When we are young, we require constant energy replenishment. In our consumeristic society, we are sold on the benefis of sugary drinks are from a very young age. What if we figured out a financially viable way to spend as much advertising capital on the merits of water or if we spent as much on packaging eye-appealing, reusable, collapsible water bottles as on sugary drinks? How would this affect our drinking habits and teen weight gain?


1) Is it the sugar in liquid form that causes weight gain due to its ease of absorption?


Another study in the New England Journal Of Medicine found that cutting out soda from

teens' diets resulted in a more dramatic weight loss than was shown with any other food.

2) Are we craving drinking sweet liquid because we enjoy the way it feels, tastes or looks?

3) Are we subliminally seduced to sugary drinks because we have been programmed to like them?

4) Did the coached half of the 224 study participants crave the human interaction of ongoing messaging and check-in visits and that's why they gained 4 pounds less?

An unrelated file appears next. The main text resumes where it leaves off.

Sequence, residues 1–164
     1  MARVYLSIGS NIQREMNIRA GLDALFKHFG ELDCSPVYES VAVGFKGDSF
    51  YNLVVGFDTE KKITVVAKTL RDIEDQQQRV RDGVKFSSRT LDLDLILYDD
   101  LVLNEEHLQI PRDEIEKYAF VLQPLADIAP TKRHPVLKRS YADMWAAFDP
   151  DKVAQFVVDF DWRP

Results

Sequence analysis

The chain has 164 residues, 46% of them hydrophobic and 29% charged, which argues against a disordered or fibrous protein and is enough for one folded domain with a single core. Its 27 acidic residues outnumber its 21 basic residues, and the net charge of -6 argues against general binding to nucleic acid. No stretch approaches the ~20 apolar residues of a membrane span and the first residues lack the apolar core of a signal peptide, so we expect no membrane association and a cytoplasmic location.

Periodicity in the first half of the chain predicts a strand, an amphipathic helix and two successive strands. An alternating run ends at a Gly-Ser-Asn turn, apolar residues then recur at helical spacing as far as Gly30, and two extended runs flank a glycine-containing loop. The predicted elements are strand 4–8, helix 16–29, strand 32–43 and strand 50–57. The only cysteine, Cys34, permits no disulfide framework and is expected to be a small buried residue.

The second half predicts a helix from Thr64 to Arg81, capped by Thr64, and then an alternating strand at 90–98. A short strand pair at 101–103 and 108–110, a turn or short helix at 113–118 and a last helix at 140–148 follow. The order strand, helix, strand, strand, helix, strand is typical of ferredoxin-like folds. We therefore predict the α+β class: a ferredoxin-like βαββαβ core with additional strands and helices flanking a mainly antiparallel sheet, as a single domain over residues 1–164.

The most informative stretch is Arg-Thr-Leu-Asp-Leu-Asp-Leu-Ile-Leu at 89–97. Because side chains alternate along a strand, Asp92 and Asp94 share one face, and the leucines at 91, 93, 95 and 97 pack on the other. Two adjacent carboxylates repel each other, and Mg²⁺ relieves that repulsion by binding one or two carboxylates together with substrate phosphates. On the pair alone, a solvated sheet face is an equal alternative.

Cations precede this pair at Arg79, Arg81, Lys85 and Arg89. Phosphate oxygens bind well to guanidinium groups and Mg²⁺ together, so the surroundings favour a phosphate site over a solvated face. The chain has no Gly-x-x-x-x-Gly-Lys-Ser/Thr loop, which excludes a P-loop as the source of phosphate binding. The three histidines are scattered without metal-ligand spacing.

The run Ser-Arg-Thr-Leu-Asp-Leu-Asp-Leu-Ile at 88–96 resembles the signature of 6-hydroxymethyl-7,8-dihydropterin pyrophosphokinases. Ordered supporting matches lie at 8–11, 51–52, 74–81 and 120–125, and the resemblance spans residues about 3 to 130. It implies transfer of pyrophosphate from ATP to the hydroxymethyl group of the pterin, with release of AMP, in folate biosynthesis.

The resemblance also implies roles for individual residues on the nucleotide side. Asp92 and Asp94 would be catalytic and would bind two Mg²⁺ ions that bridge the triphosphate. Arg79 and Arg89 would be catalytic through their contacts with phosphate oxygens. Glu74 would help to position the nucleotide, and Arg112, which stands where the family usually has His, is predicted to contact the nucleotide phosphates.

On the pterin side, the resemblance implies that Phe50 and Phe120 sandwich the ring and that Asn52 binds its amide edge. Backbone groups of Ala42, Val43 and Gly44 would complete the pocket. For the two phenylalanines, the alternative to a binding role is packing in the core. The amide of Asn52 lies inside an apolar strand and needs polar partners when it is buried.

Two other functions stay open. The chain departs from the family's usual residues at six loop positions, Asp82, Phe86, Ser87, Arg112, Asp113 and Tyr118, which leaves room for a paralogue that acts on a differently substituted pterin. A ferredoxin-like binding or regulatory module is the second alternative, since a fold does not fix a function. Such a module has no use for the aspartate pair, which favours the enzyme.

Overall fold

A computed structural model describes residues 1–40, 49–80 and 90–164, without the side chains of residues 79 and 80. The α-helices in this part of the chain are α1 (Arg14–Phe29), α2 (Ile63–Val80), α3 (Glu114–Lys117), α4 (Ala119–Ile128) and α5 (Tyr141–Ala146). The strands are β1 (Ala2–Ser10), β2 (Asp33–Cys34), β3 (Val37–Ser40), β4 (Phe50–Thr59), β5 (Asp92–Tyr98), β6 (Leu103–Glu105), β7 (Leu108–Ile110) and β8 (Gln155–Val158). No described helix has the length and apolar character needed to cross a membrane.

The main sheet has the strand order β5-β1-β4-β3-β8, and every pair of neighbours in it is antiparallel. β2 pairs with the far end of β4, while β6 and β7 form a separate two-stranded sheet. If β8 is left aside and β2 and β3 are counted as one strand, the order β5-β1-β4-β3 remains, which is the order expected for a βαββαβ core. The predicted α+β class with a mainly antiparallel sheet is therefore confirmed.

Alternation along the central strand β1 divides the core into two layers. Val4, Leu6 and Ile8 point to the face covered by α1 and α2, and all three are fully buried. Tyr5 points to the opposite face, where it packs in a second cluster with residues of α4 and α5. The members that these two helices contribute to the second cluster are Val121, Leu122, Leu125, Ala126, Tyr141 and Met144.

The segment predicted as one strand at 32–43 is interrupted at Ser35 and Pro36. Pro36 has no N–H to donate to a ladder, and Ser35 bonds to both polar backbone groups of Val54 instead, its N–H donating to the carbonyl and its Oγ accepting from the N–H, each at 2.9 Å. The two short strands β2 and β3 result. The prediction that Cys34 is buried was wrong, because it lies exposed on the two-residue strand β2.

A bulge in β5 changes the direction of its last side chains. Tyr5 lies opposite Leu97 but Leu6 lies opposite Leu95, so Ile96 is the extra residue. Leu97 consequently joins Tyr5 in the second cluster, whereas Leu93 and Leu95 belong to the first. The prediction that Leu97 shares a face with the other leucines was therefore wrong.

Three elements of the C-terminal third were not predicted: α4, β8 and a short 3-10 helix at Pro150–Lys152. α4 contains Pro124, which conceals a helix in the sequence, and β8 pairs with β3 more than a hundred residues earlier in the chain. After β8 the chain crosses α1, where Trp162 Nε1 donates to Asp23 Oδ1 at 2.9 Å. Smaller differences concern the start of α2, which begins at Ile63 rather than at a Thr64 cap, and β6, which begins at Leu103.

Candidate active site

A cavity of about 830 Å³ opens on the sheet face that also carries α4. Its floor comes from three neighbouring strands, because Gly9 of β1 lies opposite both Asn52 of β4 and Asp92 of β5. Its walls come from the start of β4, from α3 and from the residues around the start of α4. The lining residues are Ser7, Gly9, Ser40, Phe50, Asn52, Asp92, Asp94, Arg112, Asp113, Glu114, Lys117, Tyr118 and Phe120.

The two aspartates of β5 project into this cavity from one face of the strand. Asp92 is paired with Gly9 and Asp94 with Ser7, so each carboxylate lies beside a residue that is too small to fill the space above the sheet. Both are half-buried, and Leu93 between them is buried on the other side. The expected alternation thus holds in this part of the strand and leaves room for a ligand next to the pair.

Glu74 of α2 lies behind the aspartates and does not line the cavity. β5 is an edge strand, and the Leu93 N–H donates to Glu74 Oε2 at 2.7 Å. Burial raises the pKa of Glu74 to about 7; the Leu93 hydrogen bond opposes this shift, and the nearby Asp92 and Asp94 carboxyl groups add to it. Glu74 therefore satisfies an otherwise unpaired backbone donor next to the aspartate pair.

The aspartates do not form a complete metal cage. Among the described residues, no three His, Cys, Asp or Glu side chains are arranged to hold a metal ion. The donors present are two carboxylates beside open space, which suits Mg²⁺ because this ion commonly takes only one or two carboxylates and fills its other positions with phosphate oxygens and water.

Does the will to be accountable to someone else drive us to succeed? What if we could get an accountability partner for free? Would we do it?

There's a new bulletin board at accountabilitypartnerfree.com where you can post a need and get a partner.


What if we just crave the human contact from a mentor or coach? How do we translate that into getting that human interaction from our friends, our parents, ourselves?

NOTE: It takes pure strength to put our hands out to others.


5) Did the coaching with parents cause the attitude change in the teens? Did this coaching cause superficial changes in the parents for that year alone?

We do know that, after the study year was over, during the follow up year, for the most part, parents went back to buying sugary drinks for the home, and teens went back to drinking sugary drinks at school or on their way home from school.


6) Is the consumption of sugary drinks caused by the need for teenage fuel and the inability to afford designer drinks that are healthier? Is this same economic factor why teens don't buy crystal clear water for snack?

Would the answers to these questions shed a different light on the results of this study or any study?